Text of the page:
Softball

High school softball: Assistant coach Matt Langton plays key role in Huntley's state run

Huntley assistant coach Matt Langton gives words of encouragement to players while coaching first base Saturday during the Class 4A state championship against St. Charles East in East Peoria.
Huntley assistant coach Matt Langton gives words of encouragement to players while coaching first base Saturday during the Class 4A state championship against St. Charles East in East Peoria.

EAST PEORIA – As she did all game long, Huntley catcher Lindsay Morgan turned her head to her right and took the sign from the first-base dugout.

Huntley assistant coach Matt Langton, sitting atop a yellow bucket full of wiffle balls, flashed the sign to Morgan, who relayed it to Red Raiders pitcher Briana Bower. There was no hesitation from any of them. It was a process the three had perfected through countless repetitions.

When Bower fired the third strike past St. Charles East’s Kati Gheorghe to secure a 1-0 victory and Huntley’s first team state championship in school history, her teammates mobbed her in the circle. In the dugout, Langton made one final note on his clipboard before sharing a hug with another assistant coach.

“I cannot do this and we are not here without Matt Langton,” Huntley head coach Mark Petryniec said. “The hours he puts in, the scouting report, his attack on the batter, he’s the best assistant coach in the state of Illinois. He could be a Division I head coach and we are fortunate to have him.”

With a sophomore pitcher and a sophomore catcher, Langton was the veteran presence guiding the battery to a state title.

“He knows what he’s calling and he knows when to throw something and when not to throw something,” Morgan said. “He can pick up what’s not working and where the zone is by sitting in the dugout.”

A coach at Marengo for seven years, Langton had been here before with the Indians, helping them to a state appearance in 2008, a championship in 2011 and a runner-up finish in 2012.

This week, Langton and the Red Raiders coaches put in long hours scouting Marist before Friday’s semifinal game. Marist had won 35 straight games and hadn’t lost to a team from Illinois all season.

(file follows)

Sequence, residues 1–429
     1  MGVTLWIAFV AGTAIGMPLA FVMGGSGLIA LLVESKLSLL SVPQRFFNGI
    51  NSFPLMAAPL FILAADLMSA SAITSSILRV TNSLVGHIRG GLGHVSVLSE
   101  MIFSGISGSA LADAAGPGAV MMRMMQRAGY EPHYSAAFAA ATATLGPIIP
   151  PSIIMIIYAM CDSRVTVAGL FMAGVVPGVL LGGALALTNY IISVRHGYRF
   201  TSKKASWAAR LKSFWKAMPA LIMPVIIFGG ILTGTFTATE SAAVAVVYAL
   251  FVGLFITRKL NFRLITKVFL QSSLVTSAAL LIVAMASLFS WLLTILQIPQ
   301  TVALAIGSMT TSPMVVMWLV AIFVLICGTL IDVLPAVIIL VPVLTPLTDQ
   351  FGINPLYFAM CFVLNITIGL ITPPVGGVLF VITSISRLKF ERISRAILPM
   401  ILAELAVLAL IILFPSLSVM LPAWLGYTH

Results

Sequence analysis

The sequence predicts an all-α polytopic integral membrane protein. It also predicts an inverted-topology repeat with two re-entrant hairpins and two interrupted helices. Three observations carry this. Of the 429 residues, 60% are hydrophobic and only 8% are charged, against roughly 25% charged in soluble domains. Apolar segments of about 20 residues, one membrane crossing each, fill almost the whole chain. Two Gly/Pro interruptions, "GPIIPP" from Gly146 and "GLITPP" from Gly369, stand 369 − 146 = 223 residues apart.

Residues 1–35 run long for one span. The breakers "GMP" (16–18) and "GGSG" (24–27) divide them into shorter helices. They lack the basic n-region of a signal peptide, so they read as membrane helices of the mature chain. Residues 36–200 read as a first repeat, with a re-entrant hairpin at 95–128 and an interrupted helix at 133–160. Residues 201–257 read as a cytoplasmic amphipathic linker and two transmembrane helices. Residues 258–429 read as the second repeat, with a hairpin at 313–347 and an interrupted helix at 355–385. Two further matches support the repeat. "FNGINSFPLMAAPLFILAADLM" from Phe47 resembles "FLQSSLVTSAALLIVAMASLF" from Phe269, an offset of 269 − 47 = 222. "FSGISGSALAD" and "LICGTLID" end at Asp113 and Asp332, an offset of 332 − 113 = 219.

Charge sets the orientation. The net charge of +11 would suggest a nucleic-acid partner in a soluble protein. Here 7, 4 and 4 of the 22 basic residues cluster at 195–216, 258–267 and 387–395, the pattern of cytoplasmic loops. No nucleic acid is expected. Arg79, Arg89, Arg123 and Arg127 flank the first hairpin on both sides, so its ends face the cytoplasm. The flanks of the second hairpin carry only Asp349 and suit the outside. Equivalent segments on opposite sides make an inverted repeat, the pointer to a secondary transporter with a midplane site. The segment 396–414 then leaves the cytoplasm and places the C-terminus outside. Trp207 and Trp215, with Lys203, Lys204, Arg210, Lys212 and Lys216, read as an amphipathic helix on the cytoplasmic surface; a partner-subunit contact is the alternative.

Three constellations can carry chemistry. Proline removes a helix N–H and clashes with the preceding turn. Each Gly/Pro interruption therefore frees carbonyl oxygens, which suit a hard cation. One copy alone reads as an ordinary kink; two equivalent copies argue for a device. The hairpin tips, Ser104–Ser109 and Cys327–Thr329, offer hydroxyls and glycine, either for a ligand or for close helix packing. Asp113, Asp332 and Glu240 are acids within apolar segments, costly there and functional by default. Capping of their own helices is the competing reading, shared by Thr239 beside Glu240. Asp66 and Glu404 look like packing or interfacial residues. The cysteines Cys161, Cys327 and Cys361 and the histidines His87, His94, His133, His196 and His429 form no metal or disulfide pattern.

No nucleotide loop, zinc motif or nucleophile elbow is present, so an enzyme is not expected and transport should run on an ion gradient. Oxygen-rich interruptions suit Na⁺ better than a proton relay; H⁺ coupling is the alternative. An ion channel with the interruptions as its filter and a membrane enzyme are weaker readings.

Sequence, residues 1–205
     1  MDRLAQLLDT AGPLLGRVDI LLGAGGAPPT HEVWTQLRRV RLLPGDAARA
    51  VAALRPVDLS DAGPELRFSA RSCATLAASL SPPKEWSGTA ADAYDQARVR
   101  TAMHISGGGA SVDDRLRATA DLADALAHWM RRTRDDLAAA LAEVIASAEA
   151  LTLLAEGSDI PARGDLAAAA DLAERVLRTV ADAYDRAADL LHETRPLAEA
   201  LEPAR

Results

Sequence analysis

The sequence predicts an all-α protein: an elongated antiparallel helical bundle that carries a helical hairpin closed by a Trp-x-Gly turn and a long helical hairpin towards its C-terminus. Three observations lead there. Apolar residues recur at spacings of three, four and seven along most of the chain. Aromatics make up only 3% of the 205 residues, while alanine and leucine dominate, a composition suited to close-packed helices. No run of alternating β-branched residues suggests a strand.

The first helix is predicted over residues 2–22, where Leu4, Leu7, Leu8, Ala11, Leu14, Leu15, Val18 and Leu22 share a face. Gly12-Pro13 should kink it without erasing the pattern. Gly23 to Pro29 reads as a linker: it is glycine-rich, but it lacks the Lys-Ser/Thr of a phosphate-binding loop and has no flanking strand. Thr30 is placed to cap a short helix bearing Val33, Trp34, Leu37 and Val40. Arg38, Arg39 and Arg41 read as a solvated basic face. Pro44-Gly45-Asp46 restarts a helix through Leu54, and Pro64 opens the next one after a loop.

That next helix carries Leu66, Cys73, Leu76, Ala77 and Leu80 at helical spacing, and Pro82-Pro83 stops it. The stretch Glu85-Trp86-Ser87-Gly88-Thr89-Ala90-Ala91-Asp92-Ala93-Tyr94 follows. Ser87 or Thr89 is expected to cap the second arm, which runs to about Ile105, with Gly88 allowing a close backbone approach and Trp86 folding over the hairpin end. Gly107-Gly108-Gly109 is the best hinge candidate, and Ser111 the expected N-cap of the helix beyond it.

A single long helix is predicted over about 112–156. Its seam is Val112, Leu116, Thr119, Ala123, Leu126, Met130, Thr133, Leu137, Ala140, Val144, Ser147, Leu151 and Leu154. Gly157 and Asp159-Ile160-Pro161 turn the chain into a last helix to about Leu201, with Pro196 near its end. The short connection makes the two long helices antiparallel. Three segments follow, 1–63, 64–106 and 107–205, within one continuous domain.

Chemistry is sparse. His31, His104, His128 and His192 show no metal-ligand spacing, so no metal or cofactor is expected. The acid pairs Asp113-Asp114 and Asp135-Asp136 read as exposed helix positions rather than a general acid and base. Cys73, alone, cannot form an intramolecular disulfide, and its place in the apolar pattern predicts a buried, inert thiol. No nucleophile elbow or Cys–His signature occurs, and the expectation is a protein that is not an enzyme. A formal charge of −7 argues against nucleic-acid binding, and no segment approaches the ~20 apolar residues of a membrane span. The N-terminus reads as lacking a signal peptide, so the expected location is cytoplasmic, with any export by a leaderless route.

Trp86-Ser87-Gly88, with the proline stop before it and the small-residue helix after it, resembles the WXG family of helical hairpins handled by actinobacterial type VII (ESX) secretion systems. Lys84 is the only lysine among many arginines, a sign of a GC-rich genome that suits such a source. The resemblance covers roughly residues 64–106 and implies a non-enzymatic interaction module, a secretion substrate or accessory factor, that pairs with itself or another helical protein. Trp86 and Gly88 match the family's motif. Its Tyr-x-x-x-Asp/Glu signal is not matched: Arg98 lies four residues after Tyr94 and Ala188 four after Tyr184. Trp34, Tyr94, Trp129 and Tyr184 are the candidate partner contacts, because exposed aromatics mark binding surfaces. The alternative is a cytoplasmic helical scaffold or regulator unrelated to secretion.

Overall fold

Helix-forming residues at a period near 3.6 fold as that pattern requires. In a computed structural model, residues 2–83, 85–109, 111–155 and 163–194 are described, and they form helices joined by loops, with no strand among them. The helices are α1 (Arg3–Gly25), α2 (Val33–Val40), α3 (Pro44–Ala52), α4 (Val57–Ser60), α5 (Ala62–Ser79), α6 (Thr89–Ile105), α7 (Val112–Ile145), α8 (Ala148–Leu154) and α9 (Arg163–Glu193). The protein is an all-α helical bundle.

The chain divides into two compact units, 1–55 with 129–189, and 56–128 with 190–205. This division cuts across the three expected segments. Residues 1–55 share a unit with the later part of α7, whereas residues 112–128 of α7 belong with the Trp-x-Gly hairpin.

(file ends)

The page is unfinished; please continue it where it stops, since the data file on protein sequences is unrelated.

“We spent probably four or five hours just trying to figure out trends with Marist,” Langton said.

“Obviously, they had some pretty talented players. We were just trying to figure out when they were getting outs, where were they hitting it to get outs? How does that fit with our defense?”

Huntley’s defense was in the right place nearly every time Friday. Marist connected on some hard-hit balls, but almost always right at a defender.

“There were numerous amounts of phone calls looking for anything that could help us,” Petryniec said. “We went through every one of their games, inning by inning, trying to find any kind of chink in any of those batters.”

It wasn’t quite as in-depth of a crash course before the championship game because Huntley had seen St. Charles East in the regular season, beating them, 9-0, April 13.

Even so, Langton had a tough time sleeping before calling the biggest game in Huntley program history.

The now 29-year-old joined coach Dwain Nance’s Marengo staff as a 17-year-old volunteer in 2007. The Marengo native had simply wanted to be a manager, but Nance was looking for an assistant.

His wife, Sam Langton (formerly Sam Clemons), was a record-setting pitcher at Huntley from 2006 until 2009.

“Her teams really put Huntley on the map,” Petryniec said. “Matt married her.”

That provided a natural connection between Matt Langton and Huntley, and in 2014 he left Marengo to become Petryniec’s assistant.

“We had just started a family, so Sam was going to stay home,” Matt Langton said. “It just really worked out. Mark and I had met a few times and just chatted. Our philosophies really jibed.”

When Bower came onto the scene last year as a freshman, she was no surprise to Langton. He had given her pitching lessons for a year when she was younger.

“All the credit goes to her,” Langton said. “She works really hard. I wish I could say it was me, but truthfully it’s her.”

Still, the coach on the wiffle ball bucket knew the right pitches to call to guide the sophomore to 13 strikeouts, and Huntley to its first state title.

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